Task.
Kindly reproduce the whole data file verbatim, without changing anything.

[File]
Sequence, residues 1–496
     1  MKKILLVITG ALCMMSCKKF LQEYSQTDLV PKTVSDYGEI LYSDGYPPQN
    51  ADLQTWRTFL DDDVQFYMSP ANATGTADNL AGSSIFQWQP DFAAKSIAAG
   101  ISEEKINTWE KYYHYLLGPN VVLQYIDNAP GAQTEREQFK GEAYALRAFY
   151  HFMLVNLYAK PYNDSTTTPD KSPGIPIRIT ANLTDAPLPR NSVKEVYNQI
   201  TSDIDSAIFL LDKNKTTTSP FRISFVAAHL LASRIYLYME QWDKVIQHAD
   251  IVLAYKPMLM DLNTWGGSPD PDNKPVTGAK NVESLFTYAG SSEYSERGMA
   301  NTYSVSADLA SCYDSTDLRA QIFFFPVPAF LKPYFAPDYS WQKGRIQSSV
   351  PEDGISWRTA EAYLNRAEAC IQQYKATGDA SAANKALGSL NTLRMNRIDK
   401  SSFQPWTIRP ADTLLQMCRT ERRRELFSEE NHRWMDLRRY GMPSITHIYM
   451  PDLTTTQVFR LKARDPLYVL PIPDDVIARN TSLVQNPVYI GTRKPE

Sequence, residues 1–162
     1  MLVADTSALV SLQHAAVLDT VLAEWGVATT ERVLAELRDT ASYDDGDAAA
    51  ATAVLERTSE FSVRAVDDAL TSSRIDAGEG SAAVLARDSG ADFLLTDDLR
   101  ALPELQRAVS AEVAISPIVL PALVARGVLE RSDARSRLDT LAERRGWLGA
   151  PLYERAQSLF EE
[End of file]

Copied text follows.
Sequence, residues 1–496
     1  MKKILLVITG ALCMMSCKKF LQEYSQTDLV PKTVSDYGEI LYSDGYPPQN
    51  ADLQTWRTFL DDDVQFYMSP ANATGTADNL AGSSIFQWQP DFAAKSIAAG
   101  ISEEKINTWE KYYHYLLGPN VVLQYIDNAP GAQTEREQFK GEAYALRAFY
   151  HFMLVNLYAK PYNDSTTTPD KSPGIPIRIT ANLTDAPLPR NSVKEVYNQI
   201  TSDIDSAIFL LDKNKTTTSP FRISFVAAHL LASRIYLYME QWDKVIQHAD
   251  IVLAYKPMLM DLNTWGGSPD PDNKPVTGAK NVESLFTYAG SSEYSERGMA
   301  NTYSVSADLA SCYDSTDLRA QIFFFPVPAF LKPYFAPDYS WQKGRIQSSV
   351  PEDGISWRTA EAYLNRAEAC IQQYKATGDA SAANKALGSL NTLRMNRIDK
   401  SSFQPWTIRP ADTLLQMCRT ERRRELFSEE NHRWMDLRRY GMPSITHIYM
   451  PDLTTTQVFR LKARDPLYVL PIPDDVIARN TSLVQNPVYI GTRKPE

Sequence, residues 1–162
     1  MLVADTSALV SLQHAAVLDT VLAEWGVATT ERVLAELRDT ASYDDGDAAA
    51  ATAVLERTSE FSVRAVDDAL TSSRIDAGEG SAAVLARDSG ADFLLTDDLR
   101  ALPELQRAVS AEVAISPIVL PALVARGVLE RSDARSRLDT LAERRGWLGA
   151  PLYERAQSLF EE